• Call-Back:
    • During the second movement of "Impossible Soul", there are a few times when the female voice sings the word "do" the same way that Sufjan sings it at the end of the first chorus of "Futile Devices".
    • Earlier, "Chicago" (from Illinois) reuses a section of melody from "The Transfiguration" (from Seven Swans).
    • His version of "Joy to the World" from Silver and Gold takes a chorus from "Impossible Soul" and a sample from another track in the same album, "Do You Hear What I Hear?"
    • "Wallowa Lake Monster", a Carrie & Lowell outtake, notably contains Illinois-esque horns in its extended outro.
  • Cluster F-Bomb: "I Want to Be Well" ends with the refrain "I'm not fucking around!" repeated over a dozen times.
    • Doubles as a sort of Precision F-Strike, as this song is the only one on the album (and the first in his catalog up to that point) to make use of the F word.
  • Concept Album: Very prevalent in Sufjan's work. So much that the marketing for The Age of Adz stressed the fact that Sufjan was finally releasing an album that has no concept.
  • Cover Album: Run Rabbit Run.
  • Cover Version: His version of "Ring Them Bells," done for the I'm Not There soundtrack. His version of "What Goes On" for the Cover Album This Bird Has Flown. For the Dark Was the Night charity compilation, he covered labelmate Castanets' "You are the Blood". He also contributed an amazing reinterpretation of "Free Man In Paris" for a tribute album that reuses the lyrics of the original but strikes out with a drastic rearrangement of the melody and overall structure of the song. Check it out!
    • "Hotline Bling" was the encore for the Carrie & Lowell tour and it has ended up on the live album. Apparently, Sufjan has performed the song live more times than Drake himself.
  • Crisis of Faith: "Casimir Pulaski Day".
  • Darker and Edgier:
    • The lyrics on The Age of Adz deal a lot with emotions and personal themes including death, disease, illness, anxiety, and suicide.
    • Considering it concerns his mother's death, Carrie and Lowell is easily his heaviest album lyrically.
  • Deliberately Monochrome: The album art for The Greatest Gift.
  • Domestic Abuse: The narrator in "Drawn to the Blood" suffers this. Unfortunately has a Reality Subtext. From the April 2015 issue of Uncut magazine:
    Asked whether the abusive relationship described in "Drawn To The Blood" was [Sufjan's] own, he simply answers, "Yes."
  • Eastern Zodiac: Enjoy Your Rabbit.
  • Either/Or Title: Both Michigan (aka Greetings from Michigan, the Great Lake State) and Illinois (aka Come On, Feel the Illinoise!), considering their album covers use different titles than the ones they are commonly referred to by.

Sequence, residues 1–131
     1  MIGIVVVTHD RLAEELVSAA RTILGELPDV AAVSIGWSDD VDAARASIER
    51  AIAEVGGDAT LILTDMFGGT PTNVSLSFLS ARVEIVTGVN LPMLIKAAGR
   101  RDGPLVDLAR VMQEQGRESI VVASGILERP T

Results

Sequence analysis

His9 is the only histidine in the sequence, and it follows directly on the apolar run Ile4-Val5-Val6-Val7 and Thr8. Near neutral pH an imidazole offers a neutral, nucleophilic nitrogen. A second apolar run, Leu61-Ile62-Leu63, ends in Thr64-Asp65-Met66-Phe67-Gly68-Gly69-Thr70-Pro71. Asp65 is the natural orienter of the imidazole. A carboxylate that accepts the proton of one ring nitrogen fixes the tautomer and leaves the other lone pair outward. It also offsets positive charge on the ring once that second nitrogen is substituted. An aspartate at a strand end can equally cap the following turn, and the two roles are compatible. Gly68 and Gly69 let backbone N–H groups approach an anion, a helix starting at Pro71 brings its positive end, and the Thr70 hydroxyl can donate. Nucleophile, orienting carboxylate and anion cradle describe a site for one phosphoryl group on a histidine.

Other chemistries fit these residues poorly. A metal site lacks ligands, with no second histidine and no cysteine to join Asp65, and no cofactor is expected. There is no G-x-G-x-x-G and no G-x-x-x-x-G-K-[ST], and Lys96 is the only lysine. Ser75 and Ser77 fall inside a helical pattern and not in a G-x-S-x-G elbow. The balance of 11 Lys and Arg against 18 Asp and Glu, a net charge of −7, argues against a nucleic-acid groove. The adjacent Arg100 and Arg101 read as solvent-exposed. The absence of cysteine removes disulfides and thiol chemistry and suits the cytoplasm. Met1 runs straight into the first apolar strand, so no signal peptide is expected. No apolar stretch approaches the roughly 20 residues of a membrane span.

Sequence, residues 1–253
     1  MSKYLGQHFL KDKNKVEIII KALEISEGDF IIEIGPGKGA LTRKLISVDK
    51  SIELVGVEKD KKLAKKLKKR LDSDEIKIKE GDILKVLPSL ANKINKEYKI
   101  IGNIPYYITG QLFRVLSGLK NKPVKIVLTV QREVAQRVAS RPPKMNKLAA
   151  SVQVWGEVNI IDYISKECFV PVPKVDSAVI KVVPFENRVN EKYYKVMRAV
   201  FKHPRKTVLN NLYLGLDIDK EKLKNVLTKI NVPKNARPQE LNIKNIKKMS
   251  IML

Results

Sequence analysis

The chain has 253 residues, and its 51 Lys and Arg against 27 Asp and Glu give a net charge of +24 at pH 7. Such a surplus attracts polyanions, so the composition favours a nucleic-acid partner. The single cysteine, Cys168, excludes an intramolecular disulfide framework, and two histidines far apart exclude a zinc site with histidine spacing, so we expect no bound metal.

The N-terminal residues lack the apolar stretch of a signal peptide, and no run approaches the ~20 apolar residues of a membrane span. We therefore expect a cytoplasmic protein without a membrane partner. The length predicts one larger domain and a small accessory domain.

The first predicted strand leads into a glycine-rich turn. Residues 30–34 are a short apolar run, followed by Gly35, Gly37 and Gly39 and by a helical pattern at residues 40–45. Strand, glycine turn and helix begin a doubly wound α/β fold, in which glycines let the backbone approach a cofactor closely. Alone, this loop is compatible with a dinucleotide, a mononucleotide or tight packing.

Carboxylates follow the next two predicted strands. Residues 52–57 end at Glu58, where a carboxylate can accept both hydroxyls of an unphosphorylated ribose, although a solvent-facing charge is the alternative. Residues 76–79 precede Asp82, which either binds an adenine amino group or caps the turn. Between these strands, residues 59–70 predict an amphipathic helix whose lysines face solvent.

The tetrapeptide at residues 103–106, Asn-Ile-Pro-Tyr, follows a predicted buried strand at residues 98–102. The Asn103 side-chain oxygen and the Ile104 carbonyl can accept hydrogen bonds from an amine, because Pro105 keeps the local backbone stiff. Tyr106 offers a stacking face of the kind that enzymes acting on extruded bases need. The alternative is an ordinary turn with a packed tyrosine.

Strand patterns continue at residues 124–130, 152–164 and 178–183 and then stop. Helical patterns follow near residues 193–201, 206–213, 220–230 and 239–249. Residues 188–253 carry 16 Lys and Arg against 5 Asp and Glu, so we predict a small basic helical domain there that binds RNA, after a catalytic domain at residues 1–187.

• Epic Instrumental Opener: "They Are Night Zombies..." among others.
    • "Djohariah" goes on for almost 12 minutes before the actual lyrics start.
  • Epic Rocking: Many of his songs are over six minutes long; so far the longest is "Year of the Horse" at 14 minutes "Djohariah" at 17 minutes "Impossible Soul" at 25 minutes.
    • Seven Swans and The B.Q.E. are the only albums to run for less than an hour.
    • All Delighted People, supposedly an EP, clocks in at 59 minutes.
  • Excited Show Title!: A Sun Came!, Come On, Feel the Illinoise!, and many individual songs.
    • The most excessive one is They Are Night Zombies!! They Are Neighbors!! They Have Come Back from the Dead!! Ahhhh!
    • "Say Yes! To M!ch!gan!" deserves a mention as well.
  • Fading into the Next Song: Used all over the place.
  • Ghost Town: "They Are Night Zombies..." references numerous Illinois ghost towns.
  • Happier Home Movie: On the Carrie & Lowell tour, a few of the songs use home movies as a backdrop, often in contrast to their sad tones.
  • Hookers and Blow: It gives the narrator of "No Shade in the Shadow of the Cross" no comfort at all.
  • In-Name-Only: All Delighted People EP. It's longer than some of his albums.
  • Listing Cities: "The 50 States", a live-show-exclusive song.
  • Location Song: Michigan and Illinois, both concept albums about these US states.
  • Long Song, Short Scene: Two hidden songs show up as The Stinger in The BQE film: "The Sleeping Red Wolves" and an untitled noise-music piece. Neither are included on the soundtrack album.
  • Long Title: Some are longer than the songs they're attached to, such as "The Black Hawk War, or, How to Demolish an Entire Civilization and Still Feel Good About Yourself in the Morning, or, We Apologize for the Inconvenience but You're Going to Have to Leave Now, or, 'I Have Fought the Big Knives and Will Continue to Fight Them Until They Are Off Our Lands!'". It's a two minute long instrumental.